The process of writing a snappy "economy beer"-related title for this piece was torment itself. I couldn't use a made-up word like "Beeronomics" even though it sounded class in my head because a quick Google search told me there's a book by that name.
Economical puns and wordplay related to phrases like "a rising tide lifts all boats" were typed down then erased with a groan. "A Sinking Pint Raises All Spirits?" Howay Ruari, you're better than this.
This week, beer bloggers Boak and Bailey dropped a short but effective article about the importance of calling attention to good beer available at a palatable price, in the light of ongoing debates on craft beer pricing and the fear of the £5 pint becoming standard. In these heady days of rage, of consumer boycotts and macro takeovers, a buycott movement is a refreshing, cool wind after a season of black rain. With this in mind, I swung by my favourite beer shop on a mission to buy a session's worth of beer, making sure that each can or bottle was in the region of the £2 mark, and shout out the best of the bunch.
Hell, maybe the whole bunch. It's nice to be your own editor.
Beeping through the checkout at £2 a bottle is True Wisdom, a sour beer from Newcastle University's student-run microbrewery Stu Brew, and from the quiet crack-and-whisper of the crown cap's removal comes the scent of overripe green fruits swelling in the fields. Aromatic hops and lactic acid in synergy. Sour and entrancing.
The pour is thin, filling my skull-shaped glass with pale straw which, when lit from behind, transforms it into a forbidden golden idol. The scent within the glass now woodsy, not like a dank expedition to a land of giant pines, more like a shady country copse, a woodlet somewhere with a rising insurgency of militant gooseberries.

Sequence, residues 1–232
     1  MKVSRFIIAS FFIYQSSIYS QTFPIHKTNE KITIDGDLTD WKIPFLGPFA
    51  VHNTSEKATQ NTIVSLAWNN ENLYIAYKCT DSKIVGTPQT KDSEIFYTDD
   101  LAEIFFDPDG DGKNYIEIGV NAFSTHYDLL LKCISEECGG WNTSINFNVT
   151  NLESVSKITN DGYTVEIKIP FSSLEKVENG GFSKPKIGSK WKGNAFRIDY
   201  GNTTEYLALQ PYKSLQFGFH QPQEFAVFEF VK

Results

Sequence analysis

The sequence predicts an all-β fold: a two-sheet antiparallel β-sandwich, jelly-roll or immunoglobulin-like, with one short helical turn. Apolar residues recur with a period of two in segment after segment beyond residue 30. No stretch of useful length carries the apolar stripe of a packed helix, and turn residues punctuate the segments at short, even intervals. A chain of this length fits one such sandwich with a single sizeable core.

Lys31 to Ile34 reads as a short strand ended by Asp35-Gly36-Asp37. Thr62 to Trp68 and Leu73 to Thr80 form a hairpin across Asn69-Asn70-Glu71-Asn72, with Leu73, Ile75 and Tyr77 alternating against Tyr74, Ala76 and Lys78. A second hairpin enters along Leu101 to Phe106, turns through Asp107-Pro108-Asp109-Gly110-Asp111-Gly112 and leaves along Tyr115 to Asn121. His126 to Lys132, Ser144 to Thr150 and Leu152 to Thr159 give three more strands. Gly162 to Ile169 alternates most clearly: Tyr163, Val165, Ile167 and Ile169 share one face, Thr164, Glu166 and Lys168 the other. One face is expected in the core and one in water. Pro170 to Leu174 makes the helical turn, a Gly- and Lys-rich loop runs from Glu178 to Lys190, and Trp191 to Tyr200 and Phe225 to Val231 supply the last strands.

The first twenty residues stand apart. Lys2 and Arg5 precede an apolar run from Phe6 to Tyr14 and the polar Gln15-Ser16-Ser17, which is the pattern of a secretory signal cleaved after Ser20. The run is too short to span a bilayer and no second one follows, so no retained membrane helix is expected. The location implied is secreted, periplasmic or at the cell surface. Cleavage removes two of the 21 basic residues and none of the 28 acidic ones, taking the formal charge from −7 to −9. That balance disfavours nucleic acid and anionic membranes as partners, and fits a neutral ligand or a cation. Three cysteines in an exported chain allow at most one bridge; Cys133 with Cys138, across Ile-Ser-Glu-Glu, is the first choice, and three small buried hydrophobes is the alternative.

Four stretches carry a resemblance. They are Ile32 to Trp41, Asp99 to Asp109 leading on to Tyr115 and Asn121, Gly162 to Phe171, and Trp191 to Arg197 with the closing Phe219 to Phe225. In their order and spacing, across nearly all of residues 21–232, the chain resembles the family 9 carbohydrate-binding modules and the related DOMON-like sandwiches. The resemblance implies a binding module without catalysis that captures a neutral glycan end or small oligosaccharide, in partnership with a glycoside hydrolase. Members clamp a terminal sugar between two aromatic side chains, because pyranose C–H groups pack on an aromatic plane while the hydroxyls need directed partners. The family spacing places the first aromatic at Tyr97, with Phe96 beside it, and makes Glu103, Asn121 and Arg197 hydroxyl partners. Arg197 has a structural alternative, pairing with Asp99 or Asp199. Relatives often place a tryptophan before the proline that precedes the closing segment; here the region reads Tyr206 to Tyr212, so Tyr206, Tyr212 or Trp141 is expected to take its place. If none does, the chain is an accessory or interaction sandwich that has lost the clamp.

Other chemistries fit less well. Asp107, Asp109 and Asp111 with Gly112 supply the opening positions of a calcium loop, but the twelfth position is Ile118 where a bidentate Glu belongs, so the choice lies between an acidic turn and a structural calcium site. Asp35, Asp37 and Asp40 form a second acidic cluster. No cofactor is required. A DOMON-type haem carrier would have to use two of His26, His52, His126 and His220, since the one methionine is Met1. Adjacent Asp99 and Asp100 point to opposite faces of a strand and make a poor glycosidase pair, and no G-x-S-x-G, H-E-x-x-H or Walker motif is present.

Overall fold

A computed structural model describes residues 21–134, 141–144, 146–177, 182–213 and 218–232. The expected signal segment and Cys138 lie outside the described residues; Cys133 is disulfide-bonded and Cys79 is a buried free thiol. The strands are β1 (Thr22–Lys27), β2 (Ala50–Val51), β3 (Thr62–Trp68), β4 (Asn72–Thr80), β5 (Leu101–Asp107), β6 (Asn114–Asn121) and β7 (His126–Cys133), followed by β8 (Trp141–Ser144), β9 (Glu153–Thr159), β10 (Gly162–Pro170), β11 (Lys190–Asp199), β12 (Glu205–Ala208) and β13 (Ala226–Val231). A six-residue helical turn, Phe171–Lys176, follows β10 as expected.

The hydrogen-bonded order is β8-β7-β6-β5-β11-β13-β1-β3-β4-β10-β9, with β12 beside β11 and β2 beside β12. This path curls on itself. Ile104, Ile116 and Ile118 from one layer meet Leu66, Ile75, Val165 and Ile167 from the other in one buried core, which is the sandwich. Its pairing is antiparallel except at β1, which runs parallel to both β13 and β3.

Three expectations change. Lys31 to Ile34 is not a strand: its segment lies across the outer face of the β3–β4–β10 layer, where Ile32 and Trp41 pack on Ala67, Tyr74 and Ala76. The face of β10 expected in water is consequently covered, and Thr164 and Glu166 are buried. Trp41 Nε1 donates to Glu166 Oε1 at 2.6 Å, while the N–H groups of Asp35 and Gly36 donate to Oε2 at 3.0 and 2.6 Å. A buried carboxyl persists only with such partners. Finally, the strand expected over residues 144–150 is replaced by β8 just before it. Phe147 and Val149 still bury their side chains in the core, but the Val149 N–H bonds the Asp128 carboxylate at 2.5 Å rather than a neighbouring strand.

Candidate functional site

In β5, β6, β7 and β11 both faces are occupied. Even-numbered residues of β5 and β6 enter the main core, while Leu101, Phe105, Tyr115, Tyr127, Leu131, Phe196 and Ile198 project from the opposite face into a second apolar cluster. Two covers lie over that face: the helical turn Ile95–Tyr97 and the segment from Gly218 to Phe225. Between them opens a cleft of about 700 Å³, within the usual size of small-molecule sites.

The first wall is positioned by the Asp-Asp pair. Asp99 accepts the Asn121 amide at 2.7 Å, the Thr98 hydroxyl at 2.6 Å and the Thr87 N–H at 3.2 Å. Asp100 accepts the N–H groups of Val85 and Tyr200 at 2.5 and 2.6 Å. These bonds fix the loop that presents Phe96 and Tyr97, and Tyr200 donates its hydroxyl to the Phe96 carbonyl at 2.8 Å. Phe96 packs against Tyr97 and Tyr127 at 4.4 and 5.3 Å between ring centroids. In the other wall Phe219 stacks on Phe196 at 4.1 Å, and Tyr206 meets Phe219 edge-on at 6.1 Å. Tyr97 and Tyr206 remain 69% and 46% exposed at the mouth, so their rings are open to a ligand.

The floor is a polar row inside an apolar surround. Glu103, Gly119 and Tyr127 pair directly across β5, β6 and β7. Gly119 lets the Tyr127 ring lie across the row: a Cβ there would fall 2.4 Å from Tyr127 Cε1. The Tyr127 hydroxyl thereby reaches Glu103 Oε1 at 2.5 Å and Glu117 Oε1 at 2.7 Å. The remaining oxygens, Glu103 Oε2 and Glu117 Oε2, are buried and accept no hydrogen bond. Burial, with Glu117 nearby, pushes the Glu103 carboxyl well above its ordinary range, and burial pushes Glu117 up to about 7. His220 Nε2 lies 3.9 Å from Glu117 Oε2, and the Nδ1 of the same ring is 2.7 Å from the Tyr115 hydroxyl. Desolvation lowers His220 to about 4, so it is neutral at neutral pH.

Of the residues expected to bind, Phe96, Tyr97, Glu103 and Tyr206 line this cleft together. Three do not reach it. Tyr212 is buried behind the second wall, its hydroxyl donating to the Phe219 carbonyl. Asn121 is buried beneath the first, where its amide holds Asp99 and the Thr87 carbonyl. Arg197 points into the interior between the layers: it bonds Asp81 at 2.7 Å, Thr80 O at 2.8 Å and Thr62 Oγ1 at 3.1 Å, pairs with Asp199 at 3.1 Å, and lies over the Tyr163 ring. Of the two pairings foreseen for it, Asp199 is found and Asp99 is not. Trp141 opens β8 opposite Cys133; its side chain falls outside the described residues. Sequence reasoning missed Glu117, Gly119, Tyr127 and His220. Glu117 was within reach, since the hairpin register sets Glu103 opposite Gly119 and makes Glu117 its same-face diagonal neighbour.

To the desiccated, nervous mouth of a beer writer finding his feet again after a year of silence, it is a flash flood to a dry wadi. Refreshing and tongue-puckering, there are slightly oily notes of hoppy flavour as the beer sloshes down almost too quickly.
The sourness of this beer is quite subtle. One could maintain a flat poker face while drinking it. A wild beer, but only quietly untamed. No frenzy of sourness that folds the teeth back into the skull, just a gentle tangy tingle.
The carbonation is light, the beer's head disappearing almost instantly once poured. The aftertaste of the Simcoe hops and the sourness lingers between mouthfuls, as I struggle to remember how to write taste notes.
In this reporter's opinion, this isn't a beer to nurse. There are beers made to sit in a glass while the drinker and their friend engage in deep rhetorical debate, or bitterly fight over which Godfather film was the best, and this ain't one of them. It's a Mayfly of a beer, born to die in a minutes-long life defined by frenzied aerial sex.
With the beer writer closing the Wikipedia page on Mayflies that he stopped for ten minutes to consult, the beer is quickly dispatched. It leaves lingering sourness, curling the sides of the tongue up just slightly, and sighs away to a memory on a dying breath of green berries.
It is good to be back.